Born: Dec 13, 1933 in Brooklyn, NY
Died: October 18, 2012 in New York, NY
Styles: Avant-Garde, Free Jazz, Avant-Garde Jazz
Early in his career, it was typical for jazz critics to compare the extraordinary free jazz pianist Borah Bergman to Cecil Taylor. Lately, however, critics now regularly point out the folly in such comparisons, perpetuating the very same juxtaposition, instead of listening to Bergman abstracted from such concerns. Though Bergman himself claims Tristano, Monk, and Powell as influences, he rates comparison with nobody, so singular is his ability as an improvising pianist. Bergman has perhaps the most comprehensive technique of any jazz musician on any instrument. His facility is nonpareil with both hands. Bergman can improvise spontaneous free counterpoint at unfathomable speeds and with remarkable precision. His utterly personal style is due in no small part to his own technical innovations; no pianist in the history of jazz has ever developed more speed and agility in his left hand. Additionally, Bergman has refined a technique of playing with crossed hands that augments his fluency to an even greater degree. Bergman's greatest attributes are, however, the staggering quality and quantity of his ideas, and the ineffable intensity with which he executes those ideas. Bergman is of a kind with the very greatest jazz musicians in terms of originality and inspiration. The only reason now to weigh him against Cecil Taylor is to place the two artists on the same level of creative accomplishment.
Bergman played clarinet as a child, but didn't begin on piano until in his twenties. Bergman determined right away that he wanted to develop an individual voice. As he told the writer Francis Davis, "I knew there was no point in sounding almost as good as Bud Powell." The right-handed Bergman worked for years in strengthening his left hand. For a time, he practiced playing left-handed almost exclusively. Eventually - as a pianist, at least - he became ambidextrous.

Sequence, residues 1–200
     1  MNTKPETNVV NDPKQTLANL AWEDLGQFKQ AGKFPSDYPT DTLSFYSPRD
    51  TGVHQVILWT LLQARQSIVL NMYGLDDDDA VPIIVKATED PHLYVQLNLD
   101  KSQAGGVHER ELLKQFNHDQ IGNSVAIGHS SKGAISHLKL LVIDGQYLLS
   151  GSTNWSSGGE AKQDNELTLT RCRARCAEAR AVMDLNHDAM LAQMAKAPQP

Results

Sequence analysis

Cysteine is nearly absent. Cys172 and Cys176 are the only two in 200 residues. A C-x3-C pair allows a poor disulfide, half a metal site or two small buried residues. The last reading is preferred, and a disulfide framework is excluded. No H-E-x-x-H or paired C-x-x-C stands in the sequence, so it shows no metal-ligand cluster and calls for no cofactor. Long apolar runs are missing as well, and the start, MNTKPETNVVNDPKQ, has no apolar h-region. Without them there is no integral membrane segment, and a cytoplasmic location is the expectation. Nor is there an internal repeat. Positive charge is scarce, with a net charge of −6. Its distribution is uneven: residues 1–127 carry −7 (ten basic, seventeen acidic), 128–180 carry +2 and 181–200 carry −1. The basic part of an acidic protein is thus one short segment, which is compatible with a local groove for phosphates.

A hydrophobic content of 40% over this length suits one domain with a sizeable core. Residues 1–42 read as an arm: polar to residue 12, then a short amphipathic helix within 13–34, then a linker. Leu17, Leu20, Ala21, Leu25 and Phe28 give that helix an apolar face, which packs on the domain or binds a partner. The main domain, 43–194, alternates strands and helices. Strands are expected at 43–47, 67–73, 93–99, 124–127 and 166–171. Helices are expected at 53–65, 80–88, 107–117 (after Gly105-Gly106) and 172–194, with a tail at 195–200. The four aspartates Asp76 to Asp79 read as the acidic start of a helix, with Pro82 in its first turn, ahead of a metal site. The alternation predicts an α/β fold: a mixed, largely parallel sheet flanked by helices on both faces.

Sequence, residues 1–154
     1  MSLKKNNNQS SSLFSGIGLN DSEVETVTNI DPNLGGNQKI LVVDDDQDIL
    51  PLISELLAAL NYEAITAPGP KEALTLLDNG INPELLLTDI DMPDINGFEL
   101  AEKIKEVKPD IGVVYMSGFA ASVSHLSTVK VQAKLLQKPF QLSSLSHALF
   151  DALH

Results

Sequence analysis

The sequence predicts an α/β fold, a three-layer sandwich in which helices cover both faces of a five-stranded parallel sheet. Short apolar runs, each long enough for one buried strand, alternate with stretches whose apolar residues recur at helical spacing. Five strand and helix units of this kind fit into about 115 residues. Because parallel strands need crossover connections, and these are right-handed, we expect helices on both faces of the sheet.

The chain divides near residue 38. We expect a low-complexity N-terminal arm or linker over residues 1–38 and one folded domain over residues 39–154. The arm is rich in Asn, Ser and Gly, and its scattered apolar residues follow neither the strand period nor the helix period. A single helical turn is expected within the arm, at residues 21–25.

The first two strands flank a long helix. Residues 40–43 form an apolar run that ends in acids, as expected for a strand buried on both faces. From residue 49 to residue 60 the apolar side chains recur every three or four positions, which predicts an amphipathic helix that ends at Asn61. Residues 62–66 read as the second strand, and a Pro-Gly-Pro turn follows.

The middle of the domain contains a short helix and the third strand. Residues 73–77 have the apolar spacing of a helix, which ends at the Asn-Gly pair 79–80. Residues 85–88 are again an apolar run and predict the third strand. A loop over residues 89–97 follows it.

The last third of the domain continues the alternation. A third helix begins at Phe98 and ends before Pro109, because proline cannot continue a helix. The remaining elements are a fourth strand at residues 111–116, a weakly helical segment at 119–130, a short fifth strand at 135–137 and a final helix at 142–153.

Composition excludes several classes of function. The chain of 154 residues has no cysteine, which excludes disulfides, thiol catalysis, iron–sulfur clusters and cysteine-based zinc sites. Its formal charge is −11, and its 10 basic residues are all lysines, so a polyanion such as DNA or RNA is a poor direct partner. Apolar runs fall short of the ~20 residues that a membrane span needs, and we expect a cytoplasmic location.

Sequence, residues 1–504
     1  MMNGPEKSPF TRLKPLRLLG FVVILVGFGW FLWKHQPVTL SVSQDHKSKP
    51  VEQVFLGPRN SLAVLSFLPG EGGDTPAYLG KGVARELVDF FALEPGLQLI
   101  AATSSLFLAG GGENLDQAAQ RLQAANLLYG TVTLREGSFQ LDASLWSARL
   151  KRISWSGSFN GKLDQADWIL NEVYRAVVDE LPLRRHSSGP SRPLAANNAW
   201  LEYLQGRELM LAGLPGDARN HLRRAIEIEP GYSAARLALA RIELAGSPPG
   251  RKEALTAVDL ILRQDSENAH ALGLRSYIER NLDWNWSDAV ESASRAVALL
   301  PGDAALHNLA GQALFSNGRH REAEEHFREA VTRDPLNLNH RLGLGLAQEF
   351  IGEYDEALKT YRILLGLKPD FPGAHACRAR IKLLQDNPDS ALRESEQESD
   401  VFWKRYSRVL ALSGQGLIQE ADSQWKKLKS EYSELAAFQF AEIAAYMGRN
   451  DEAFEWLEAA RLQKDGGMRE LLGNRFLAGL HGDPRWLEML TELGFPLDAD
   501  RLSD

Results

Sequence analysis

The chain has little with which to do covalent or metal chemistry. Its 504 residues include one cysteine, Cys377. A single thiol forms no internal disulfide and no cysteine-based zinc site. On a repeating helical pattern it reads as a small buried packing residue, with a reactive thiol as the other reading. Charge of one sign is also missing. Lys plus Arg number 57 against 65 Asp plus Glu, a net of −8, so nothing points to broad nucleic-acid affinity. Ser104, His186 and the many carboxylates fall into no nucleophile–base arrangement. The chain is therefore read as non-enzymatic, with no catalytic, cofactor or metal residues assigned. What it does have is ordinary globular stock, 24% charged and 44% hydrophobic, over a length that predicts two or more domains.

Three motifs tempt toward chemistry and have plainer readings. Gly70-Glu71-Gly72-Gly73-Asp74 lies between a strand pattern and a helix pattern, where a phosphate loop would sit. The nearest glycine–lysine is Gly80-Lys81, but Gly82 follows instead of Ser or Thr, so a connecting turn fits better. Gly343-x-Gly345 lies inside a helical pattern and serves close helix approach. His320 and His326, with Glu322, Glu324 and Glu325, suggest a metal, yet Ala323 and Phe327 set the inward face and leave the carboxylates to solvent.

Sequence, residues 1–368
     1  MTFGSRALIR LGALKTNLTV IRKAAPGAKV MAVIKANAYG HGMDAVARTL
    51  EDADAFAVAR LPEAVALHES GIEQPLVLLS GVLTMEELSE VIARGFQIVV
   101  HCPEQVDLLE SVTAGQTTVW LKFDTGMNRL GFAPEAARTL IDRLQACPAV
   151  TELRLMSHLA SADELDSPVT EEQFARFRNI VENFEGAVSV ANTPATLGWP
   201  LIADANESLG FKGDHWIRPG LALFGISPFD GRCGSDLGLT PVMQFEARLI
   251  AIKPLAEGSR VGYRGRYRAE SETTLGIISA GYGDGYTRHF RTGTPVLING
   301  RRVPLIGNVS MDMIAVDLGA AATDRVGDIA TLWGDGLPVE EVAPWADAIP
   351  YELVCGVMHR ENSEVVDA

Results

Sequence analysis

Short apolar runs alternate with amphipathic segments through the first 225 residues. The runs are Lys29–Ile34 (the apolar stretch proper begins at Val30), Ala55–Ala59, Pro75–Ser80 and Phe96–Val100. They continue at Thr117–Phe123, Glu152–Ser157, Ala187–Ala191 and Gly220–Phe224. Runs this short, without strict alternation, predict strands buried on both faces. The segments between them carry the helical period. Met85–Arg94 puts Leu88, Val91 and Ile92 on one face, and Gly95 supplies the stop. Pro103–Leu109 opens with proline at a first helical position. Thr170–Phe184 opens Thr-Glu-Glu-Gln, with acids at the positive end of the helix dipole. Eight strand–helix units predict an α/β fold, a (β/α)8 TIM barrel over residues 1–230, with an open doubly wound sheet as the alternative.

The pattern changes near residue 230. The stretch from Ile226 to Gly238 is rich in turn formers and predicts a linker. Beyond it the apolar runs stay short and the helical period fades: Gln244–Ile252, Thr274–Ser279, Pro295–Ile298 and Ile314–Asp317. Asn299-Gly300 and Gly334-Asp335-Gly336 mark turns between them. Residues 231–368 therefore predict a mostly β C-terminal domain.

Bergman began recording late as well. His first four albums were solo efforts; the first, Discovery, was released in 1975 on the Chiaroscuro label. Three more would follow, including 1983's A New Frontier and 1985's Upside Down Visions, both on Soul Note. In 1992, the pianist began a series of successful duo collaborations. The first was Inversions on the Muworks label, with the young free-bop altoist Thomas Chapin. Following that came a pair of Soul Note albums that cemented Bergman's reputation, 1993's The Human Factor with drummer Andrew Cyrille, and '94's The Fire Tale, with soprano saxophonist Evan Parker. The latter album was especially powerful, matching as it did two of the most formidable improvisers in jazz. Recent albums include a duo/trio recording with saxophonist Roscoe Mitchell and vocalist Thomas Buckner, a trio with saxophonists Peter Brotzman and Thomas Borgmann, and another trio with Brotzman and Cyrille. As the '90s draw to a close, Bergman's recorded output continues to rise substantially, as does his profile as one of the music's major contributors.
-Chris Kelsey (All Music Guide)